Baker and Coakley each often spoke in generalities, sidestepped questions about employee noncompete agreements — a major hot-button issue in the tech sector — and left attendees craving substance.
“It was terrible,” said Axel Scherer, a software architect at Cadence Design Systems in Chelmsford. “They said nothing. Just empty suits going, ‘blah, blah, blah.’ ”
Right from the start of the article, I was thinking, Why is this a surprise? And I bet the United Independent Party’s Evan Falchuk and independent candidate Jeff McCormick did a lot better. Sure enough, buried in the very final paragraph is the rest of the commentary from Scherer:
Most of the crowd left after Coakley and Baker’s remarks. But Scherer stayed to hear the two independents running for governor and came away impressed by both Jeff McCormick and Evan Falchuk’s ability to converse on the issues.
(In the comments section of the Globe story online you’ll see that Scherer was taken by Falchuk and wonders why McCormick and Falchuk had to go last.)
But the Globe reports exactly nothing of the actual substance of their remarks. Why not? They both gathered enough signatures to make it onto the ballot, and Falchuk needs just 3% of the vote in the general election to establish the new party, enabling it to place candidates up and down in the ballot in future elections.
The Globe partially redeems itself in an article about a debate later on in Springfield, which also included Baker and Coakley. It included this line:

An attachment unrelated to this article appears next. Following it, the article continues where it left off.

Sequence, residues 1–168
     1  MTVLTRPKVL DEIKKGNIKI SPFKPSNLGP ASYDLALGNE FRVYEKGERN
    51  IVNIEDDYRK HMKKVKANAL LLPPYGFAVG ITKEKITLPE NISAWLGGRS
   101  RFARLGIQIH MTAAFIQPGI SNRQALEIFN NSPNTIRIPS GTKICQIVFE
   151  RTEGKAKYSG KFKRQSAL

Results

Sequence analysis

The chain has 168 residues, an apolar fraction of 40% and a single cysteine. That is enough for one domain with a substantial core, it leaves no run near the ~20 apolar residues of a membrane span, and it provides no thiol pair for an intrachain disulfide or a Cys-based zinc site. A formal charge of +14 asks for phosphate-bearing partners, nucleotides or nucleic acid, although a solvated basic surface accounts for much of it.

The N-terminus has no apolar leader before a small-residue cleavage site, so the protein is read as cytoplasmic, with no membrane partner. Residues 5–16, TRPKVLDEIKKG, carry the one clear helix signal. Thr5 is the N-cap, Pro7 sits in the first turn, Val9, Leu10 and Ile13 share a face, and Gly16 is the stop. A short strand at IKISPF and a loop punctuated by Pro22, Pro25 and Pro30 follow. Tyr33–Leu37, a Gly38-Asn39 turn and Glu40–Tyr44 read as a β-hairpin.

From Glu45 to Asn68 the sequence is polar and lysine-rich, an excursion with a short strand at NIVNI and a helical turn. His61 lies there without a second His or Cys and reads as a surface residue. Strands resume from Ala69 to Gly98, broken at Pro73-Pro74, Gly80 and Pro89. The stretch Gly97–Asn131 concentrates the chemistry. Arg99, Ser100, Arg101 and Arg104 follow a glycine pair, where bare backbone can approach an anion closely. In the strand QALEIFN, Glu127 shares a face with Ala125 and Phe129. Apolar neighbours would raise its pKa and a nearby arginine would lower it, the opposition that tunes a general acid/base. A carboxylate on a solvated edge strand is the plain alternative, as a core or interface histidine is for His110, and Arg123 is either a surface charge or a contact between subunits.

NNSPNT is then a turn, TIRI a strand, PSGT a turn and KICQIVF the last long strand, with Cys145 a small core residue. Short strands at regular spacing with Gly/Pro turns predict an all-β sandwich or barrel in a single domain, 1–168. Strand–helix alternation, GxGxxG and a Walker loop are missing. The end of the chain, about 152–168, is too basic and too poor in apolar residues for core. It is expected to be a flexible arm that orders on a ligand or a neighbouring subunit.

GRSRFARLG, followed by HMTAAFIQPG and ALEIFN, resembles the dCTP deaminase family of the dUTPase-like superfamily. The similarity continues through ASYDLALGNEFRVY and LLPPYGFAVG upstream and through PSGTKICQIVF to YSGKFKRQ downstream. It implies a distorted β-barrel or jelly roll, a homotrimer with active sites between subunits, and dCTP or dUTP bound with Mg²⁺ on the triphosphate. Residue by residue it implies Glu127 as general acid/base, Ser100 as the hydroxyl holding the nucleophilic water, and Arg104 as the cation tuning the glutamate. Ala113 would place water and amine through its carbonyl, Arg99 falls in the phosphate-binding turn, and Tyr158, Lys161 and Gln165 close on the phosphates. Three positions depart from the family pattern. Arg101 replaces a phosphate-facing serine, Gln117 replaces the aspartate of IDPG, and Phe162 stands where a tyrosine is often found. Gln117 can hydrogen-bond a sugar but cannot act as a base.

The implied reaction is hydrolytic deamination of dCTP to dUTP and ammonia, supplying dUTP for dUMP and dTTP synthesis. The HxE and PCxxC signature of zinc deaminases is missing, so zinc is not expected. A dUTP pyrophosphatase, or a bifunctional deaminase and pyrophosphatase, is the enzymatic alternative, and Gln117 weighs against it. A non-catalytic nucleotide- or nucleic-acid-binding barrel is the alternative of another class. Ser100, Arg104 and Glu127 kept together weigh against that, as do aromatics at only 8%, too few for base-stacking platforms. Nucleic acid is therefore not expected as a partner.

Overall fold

Evan Falchuk pitched himself as a truth teller, willing to speak bluntly about everything from state finances to casino politics.
I honestly don’t understand why the Globe is focused only on the Democratic and Republican nominees. The Globe and others blew it in the primary election by running story after story about Coakley’s huge lead in the polls. Remember that the Globe reported its final poll of Coakley 47%, Grossman 25%, Berwick 13%.
In the end, it was much closer: 42%, 36%, 21%. Or as the Globe reported, “far less than polls and party leaders had predicted.” And who knows, the Globe may have thrown the election to Coakley by making Grossman and Berwick voters think there was no chance for their candidates. As a voter in the Democratic primary, that’s how I felt.
Falchuk and McCormick are not fringe candidates. (Scott Lively is, which is why I ignore him.) The majority of Massachusetts voters are not enrolled in either major party. And as the innovation policy forum made clear, the “major” candidates, left to their own devices, will steer away from the tough issues.
At a minimum it’s good for democracy to cover all of the serious candidates so the voters can learn what they have to say. And even those voters who think that the independents don’t have a chance to win in November should consider voting for Falchuk in order to establish a permanent, moderate independent party in the Commonwealth.